Building a new workbench #6: Completeing the leg joinery

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Blog entry by Loogie posted 02-14-2009 05:47 AM 9780 reads 1 time favorited 5 comments Add to Favorites Watch
« Part 5: Half-lapping the side rails Part 6 of Building a new workbench series Part 7: First time base assembly »

Having finished milling the half lapped dovetails for the rails yesterday, today I was working on milling the matching dovetails on the outer part of the legs to receive the rails. The legs are made up of two sections of 8/4 ash which are glued together after the milling is complete. Doing it this way makes it very easy to create the dovetailed through mortise for the bottom rail. I started by marking all the joints using the dovetails already cut on the rails. Each piece is made to match it’s partner so they all had to be numbered to match. After they were all marked, then I cut just inside the line with a hand saw. After that I went back to the table saw and – making sure I’m starting from the narrow side of the dovetail – cut out all the waste that I could. That left me with a wedge shaped piece that needed to be removed. For that I turned to my Japanese Ryoba saw. Because it is kind of like a huge flush cut saw and has both a rip and a crosscut side it works great for this task.


After I had removed all the waste, then I tried a test fit. One of them fit right in, but the rest needed to be tuned up with a shoulder plane and a rasp. This was the second time that I found a really good place to use a rabbet plane, too bad I don’t have one. I then headed back over to the table saw and raised the blade about 1/16” and took just a little more material out of the dovetail on the lower rails. The reason for this is that I had cut everything to be a perfect half lap, but the bottom rails need to be able to slide into the mortise so those mortises need to be slightly wider. After that was done and cleaned up, I wend for a test fit. Here’s a picture of what the wedged dovetail joint on the lower rail will look like, but after it’s glued up you won’t be able to get this perspective.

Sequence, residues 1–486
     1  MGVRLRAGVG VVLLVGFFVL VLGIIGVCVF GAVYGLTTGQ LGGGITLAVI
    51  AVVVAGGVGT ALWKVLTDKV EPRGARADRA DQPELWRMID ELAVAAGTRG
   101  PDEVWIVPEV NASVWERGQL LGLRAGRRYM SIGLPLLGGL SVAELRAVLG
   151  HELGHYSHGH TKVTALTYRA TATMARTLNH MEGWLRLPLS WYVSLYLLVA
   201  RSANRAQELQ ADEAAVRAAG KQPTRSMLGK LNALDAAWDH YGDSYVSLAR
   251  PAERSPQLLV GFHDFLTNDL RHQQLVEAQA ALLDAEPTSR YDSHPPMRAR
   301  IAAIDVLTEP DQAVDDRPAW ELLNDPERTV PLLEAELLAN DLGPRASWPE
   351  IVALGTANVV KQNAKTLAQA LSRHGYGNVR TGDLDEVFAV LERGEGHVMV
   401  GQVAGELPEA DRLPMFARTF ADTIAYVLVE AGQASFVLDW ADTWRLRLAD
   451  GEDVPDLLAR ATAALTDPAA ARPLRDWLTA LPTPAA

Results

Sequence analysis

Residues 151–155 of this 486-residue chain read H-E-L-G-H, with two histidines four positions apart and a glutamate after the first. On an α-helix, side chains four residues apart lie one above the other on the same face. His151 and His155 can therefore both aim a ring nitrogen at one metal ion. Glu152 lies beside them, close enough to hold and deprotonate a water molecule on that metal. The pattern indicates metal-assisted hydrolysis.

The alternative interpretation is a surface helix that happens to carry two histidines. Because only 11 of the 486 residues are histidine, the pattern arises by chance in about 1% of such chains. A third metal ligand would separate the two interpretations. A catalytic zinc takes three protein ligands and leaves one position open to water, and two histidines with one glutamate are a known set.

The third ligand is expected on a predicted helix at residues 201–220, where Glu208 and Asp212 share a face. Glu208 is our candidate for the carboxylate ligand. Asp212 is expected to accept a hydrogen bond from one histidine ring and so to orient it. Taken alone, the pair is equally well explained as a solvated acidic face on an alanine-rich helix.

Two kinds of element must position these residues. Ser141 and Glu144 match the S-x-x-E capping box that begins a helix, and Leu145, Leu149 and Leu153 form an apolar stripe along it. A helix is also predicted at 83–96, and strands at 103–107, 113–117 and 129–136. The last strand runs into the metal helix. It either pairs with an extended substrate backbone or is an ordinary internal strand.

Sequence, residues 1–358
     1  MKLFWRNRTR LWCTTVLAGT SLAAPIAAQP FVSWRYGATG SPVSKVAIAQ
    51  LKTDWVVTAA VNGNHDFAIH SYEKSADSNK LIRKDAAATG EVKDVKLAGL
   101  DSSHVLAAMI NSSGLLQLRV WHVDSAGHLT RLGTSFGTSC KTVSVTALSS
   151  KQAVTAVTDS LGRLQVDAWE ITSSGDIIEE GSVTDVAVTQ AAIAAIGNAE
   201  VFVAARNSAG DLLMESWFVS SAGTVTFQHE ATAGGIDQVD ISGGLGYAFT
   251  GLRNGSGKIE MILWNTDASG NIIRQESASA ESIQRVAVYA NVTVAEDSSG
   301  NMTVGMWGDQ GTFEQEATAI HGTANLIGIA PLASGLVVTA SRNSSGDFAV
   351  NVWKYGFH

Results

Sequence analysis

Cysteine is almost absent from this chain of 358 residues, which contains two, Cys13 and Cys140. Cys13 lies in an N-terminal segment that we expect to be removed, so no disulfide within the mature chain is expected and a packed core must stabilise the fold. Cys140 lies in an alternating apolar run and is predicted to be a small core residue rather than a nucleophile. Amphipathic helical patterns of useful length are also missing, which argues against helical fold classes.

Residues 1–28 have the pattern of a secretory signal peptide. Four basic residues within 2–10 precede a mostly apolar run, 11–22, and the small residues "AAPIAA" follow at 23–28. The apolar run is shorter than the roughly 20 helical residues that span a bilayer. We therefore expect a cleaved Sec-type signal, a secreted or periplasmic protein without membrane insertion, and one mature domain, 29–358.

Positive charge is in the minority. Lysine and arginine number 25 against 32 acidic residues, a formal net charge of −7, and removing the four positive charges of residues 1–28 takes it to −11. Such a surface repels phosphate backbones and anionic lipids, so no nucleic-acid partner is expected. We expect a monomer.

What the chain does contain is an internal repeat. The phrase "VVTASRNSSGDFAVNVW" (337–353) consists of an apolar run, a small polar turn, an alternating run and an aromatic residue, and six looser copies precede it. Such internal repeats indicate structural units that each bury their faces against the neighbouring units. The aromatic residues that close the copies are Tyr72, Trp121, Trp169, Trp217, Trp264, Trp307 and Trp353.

The bench base is made from knock-down but very secure joinery. Here I set the leg frame assembly on top of the outer leg so you can see what the result will look like in the end. I intentionally opset the two halves of the leg so you can se how it’s all set up.


Last but not least I glued the finished outer legs to their corresponding inner leg to make a finished assembly.


Tomorrow I should be able to get the thing supporting it’s own weight!

-- Mark

5 comments so far

View Scott Bryan's profile

Scott Bryan

27250 posts in 3844 days

#1 posted 02-14-2009 02:32 PM

Mark, this is looking good. Your posts have clearly detailed the step-wise progress that the bench is undergoing and primed me, personally, for getting started on my own version. Thanks for the inspiration.

-- Challenges are what make life interesting; overcoming them is what makes life meaningful- Joshua Marine

View Cantputjamontoast's profile


416 posts in 3454 days

#2 posted 02-14-2009 04:49 PM

That, gentlemen IS joinery.

(fill in superlative here) job Loog!!!!!!

-- "Not skilled enough to wipe jam on toast!"

View ChicoWoodnut's profile


904 posts in 3837 days

#3 posted 02-14-2009 05:05 PM

That looks like fun. Coming along nicely.

-- Scott - Chico California

View MrJust's profile


4 posts in 3394 days

#4 posted 03-03-2009 02:15 AM

Its like a Finley built car, smooth lines, everything fits, I love it!
I am just getting into Joinery myself and I was looking for programs that offer Joinery. I only have one in my area (But from what I was told that is rare enough) and I was wondering if anyone could give me some advice on if its worth it to go here. Quite an investment I must say.
I was looking at and there are links to the programs I was looking at attending.
Thanks in advance for your help.


View Beginningwoodworker's profile


13345 posts in 3695 days

#5 posted 10-03-2010 10:27 PM

Looks like you is having fun.

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